The Detroit Lions are playing with a great deal of confidence and cohesion over the course of the past three weeks.
Unlike the first two months of the campaign, the parts now fit both on offense and defense in Detroit. It is a team that has hit its stride and, at 4-7 in the wide-open NFC, they just might have a shot at making the postseason.
Since these teams met last, Matthew Stafford is coming off a career game with five touchdown passes and a career best 137.8 passer rating in the thrashing of the Eagles Thanksgiving Day.
In Green Bay, he was 24 of 38 for 242 yards 2 TD's, one interception and an 87.8 passer rating. He was never sacked and WAS hit just three times by the Green Bay defense. Stafford was altogether too comfortable that afternoon.
Running back Theo Riddick has become a major factor in the Lions attack. He is more than just a “check down” for Stafford these days. In the past two games, Riddick has 10 receptions, 134 yards and a touchdown.
He threatens the second level of the defense, and rather than assign him to linebacker coverage, he might require safety or nickel back attention from Dom Capers' defense.
The other running back who has “big time ability” is Ameer Abdullah, the rookie second round draft pick out of Nebraska. All that has held him back is a fumbling problem (four fumbles, two lost) that dates back to his days in the Big Ten.
He is extremely quick and fast (we saw that on the 104 yard kick off return at Lambeau three weeks ago) and a big play waiting to happen. A decent receiver out of the backfield, the Lions are starting to trust him more, with 28 carries, 107 yards in the past two games (5 carries, 15 yards at Green Bay). He also has 16 catches for an 8.4 yard average and a touchdown in the passing game.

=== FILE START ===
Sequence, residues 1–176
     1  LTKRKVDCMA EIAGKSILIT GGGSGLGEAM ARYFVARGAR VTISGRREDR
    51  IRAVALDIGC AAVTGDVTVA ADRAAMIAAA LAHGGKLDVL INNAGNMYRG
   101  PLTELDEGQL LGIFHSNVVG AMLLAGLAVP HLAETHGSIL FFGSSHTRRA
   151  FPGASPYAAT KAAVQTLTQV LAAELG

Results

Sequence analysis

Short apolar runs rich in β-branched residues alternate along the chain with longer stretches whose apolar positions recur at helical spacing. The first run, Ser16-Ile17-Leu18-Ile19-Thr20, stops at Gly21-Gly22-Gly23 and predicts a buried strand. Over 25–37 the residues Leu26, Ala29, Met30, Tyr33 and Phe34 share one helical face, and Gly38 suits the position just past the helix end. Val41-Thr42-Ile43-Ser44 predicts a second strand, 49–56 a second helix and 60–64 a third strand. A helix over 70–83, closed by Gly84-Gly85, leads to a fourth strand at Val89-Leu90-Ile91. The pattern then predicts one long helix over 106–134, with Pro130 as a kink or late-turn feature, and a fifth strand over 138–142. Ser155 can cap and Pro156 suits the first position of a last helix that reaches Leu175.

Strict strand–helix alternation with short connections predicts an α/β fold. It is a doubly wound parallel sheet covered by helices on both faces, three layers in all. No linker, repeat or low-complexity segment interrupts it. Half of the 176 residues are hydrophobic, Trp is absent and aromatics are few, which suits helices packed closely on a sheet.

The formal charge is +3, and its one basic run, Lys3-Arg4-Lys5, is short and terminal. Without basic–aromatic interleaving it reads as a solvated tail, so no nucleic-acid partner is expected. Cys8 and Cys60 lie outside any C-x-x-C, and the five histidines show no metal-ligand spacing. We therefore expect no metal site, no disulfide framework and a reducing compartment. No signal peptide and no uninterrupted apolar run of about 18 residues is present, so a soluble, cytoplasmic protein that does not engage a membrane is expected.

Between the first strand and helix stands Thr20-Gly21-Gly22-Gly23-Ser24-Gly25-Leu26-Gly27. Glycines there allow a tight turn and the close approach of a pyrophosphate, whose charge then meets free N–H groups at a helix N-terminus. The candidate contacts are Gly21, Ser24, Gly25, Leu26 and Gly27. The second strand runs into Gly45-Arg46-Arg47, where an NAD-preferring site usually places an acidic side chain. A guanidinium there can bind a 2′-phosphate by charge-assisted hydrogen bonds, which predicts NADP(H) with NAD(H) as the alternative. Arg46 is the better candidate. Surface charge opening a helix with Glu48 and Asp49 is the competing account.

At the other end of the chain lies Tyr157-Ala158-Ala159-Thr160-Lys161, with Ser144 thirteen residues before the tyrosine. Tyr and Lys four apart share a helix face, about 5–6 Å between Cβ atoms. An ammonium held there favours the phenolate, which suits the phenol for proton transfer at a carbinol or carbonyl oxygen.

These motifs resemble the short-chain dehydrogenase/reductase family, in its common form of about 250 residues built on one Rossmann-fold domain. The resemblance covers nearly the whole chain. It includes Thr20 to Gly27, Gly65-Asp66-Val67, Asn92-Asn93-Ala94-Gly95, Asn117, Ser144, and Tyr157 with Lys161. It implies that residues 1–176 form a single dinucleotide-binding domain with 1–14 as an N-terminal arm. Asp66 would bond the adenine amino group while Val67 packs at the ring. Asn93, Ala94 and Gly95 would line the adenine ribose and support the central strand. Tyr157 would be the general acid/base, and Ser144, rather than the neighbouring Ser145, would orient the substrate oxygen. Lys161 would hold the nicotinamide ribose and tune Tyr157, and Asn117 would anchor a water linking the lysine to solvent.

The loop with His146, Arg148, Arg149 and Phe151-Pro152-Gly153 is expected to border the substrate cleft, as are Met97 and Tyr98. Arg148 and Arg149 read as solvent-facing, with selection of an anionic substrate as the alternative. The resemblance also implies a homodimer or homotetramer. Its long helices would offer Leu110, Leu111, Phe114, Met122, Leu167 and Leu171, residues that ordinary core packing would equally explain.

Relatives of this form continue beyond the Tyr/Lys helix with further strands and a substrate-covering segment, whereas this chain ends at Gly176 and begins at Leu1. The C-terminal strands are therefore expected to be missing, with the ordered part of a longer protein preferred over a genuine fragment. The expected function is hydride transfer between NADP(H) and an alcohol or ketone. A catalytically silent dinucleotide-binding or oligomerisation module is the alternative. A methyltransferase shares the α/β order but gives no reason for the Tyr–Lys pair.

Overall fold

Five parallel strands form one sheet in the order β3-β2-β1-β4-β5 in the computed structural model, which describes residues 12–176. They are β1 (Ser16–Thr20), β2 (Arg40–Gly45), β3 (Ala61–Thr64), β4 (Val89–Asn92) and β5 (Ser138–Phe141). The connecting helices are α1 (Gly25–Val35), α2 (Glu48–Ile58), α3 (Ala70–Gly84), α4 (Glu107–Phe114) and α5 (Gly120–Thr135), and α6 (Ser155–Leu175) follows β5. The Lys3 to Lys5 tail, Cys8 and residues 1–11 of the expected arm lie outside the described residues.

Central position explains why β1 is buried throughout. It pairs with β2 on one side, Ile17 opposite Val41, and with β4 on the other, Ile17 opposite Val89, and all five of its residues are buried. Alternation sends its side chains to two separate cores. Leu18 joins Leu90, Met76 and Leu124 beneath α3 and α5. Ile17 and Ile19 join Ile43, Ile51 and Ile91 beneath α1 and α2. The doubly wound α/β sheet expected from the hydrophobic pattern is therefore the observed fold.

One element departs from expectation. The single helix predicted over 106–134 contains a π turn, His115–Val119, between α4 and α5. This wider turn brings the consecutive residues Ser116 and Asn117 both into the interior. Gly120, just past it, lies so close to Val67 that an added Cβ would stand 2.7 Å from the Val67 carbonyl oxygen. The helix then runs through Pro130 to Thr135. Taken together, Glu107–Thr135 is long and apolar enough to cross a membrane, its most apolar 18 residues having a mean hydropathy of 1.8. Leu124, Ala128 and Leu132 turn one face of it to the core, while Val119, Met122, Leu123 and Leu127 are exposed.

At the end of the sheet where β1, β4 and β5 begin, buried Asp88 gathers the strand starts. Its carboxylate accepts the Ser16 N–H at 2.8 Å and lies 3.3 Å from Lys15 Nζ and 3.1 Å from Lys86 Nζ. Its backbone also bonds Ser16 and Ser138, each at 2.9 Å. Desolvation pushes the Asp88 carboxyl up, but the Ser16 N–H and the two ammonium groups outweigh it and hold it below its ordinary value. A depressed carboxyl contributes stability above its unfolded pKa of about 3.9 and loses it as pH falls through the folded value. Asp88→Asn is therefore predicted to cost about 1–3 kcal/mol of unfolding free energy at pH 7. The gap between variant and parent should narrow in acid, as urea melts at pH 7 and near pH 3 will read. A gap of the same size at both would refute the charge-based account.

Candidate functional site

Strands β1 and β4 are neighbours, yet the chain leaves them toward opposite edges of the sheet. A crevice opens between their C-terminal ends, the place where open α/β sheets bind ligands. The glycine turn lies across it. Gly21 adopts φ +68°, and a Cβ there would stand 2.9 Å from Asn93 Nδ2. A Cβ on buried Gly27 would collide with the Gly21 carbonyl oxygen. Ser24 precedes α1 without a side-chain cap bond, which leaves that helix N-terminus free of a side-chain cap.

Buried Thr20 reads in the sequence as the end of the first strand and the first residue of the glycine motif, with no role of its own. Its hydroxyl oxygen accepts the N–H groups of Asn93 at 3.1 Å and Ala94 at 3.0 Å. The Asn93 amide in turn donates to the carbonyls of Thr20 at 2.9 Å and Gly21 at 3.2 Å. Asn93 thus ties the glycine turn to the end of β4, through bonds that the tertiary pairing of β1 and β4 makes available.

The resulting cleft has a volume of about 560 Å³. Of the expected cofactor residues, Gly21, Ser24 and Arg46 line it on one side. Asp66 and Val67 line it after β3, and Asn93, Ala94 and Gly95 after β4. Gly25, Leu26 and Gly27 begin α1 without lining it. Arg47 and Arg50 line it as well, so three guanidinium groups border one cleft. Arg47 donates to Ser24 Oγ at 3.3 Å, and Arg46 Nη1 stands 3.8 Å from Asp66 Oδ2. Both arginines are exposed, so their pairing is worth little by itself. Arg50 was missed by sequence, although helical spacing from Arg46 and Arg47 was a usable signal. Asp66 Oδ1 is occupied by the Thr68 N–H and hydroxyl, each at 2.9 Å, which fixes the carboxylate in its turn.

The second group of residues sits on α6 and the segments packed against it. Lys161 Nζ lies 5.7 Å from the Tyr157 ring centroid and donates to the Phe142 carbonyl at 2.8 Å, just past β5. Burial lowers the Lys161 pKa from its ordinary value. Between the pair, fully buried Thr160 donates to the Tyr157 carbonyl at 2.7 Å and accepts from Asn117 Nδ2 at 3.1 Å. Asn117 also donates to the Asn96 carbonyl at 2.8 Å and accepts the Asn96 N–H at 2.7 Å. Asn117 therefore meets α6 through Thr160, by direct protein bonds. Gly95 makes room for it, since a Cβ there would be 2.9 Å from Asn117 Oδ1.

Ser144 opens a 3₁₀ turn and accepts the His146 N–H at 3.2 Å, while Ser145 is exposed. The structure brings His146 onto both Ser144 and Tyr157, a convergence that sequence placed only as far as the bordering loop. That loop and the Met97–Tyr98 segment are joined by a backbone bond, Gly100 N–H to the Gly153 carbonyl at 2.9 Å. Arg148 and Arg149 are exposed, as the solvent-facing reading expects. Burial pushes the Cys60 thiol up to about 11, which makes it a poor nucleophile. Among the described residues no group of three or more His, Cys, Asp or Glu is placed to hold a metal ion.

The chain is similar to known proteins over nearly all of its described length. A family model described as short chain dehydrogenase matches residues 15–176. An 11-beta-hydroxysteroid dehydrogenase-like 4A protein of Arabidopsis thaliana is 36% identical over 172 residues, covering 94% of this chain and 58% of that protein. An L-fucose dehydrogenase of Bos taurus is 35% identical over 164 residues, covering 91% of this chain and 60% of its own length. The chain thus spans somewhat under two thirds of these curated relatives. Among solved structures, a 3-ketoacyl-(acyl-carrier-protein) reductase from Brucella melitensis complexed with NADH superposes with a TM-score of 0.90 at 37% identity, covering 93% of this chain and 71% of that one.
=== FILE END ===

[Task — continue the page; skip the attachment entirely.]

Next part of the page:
The Packers defense dominated the Lions in the ground game, holding them to just 45 yards on 26 rushing attempts last month.
The bond between all-world wide receiver Calvin Johnson and quarterback Stafford has never been better.
Johnson caught three of Stafford’s five touchdown passes against the Eagles, and in Green Bay he was targeted nine times with six receptions for 81 yards.
Sam Shields and Damarious Randall shared coverage responsibility on Johnson, and the longest gain for Johnson that day was 19 yards and he did not score. That was very acceptable defense on a receiver of this ilk.
Detroit assigned primary coverage of their best cover-corner, Darius Slay, to James Jones back on November 15th. Slay is good, not great, and JJ will be expected to “win his share” if this is the matchup again Thursday night.
Davante Adams was targeted 21 times in the game against the Lions; he caught 10 passes for 79 yards.
Someone named Nevin Lawson (cornerback) got the better of this matchup more often than not. The officials allowed Lawson to play physically and that more than anything was the key to his edge that day. If Lawson is allowed to “hang on” to the receiver beyond the five-yard contact zone, he can cover. If they call it tight—he can’t!
Detroit is one of the top pass-rushing defenses in the business. Defensive end Ziggy Ansah is second to J.J. Watt with 11.5 sacks this season. Ansah did not have a sack in Green Bay, but he had three of the seven-quarterback hits registered by the Lions that day. The Lions sacked Rodgers three times.
The David Bakhtiari matchup with Ansah again is big. Bakhtiari has been playing through injuries this season and Ansah is liable to be even faster on the artificial surface of Ford Field than he was on the plush turf of Lambeau Field three weeks ago.
The Lions will move him side to side so Bryan Bulaga ( questionable with an ankle injury ) or Don Barclay at the other tackle will also see Ansah as well.
Ansah is an interesting story. He went to BYU as a track standout running the 100 and 200 meters, tried to walk onto the basketball team as a power forward, and finally joined the football team. He is now emerging as a star pass rusher in the NFL - a force to be reckoned with!
Eddie Lacy did not play in the first game against Detroit. He has been over 100 rushing yards in each of the past two games, and the Packers need him to continue this surge against a run defense that has been outstanding the past three weeks, yielding 55.6 yards per game, 2.6 per play.
Against the run, middle linebacker Stephen Tulloch and defensive tackle Haloti Ngata must be blocked!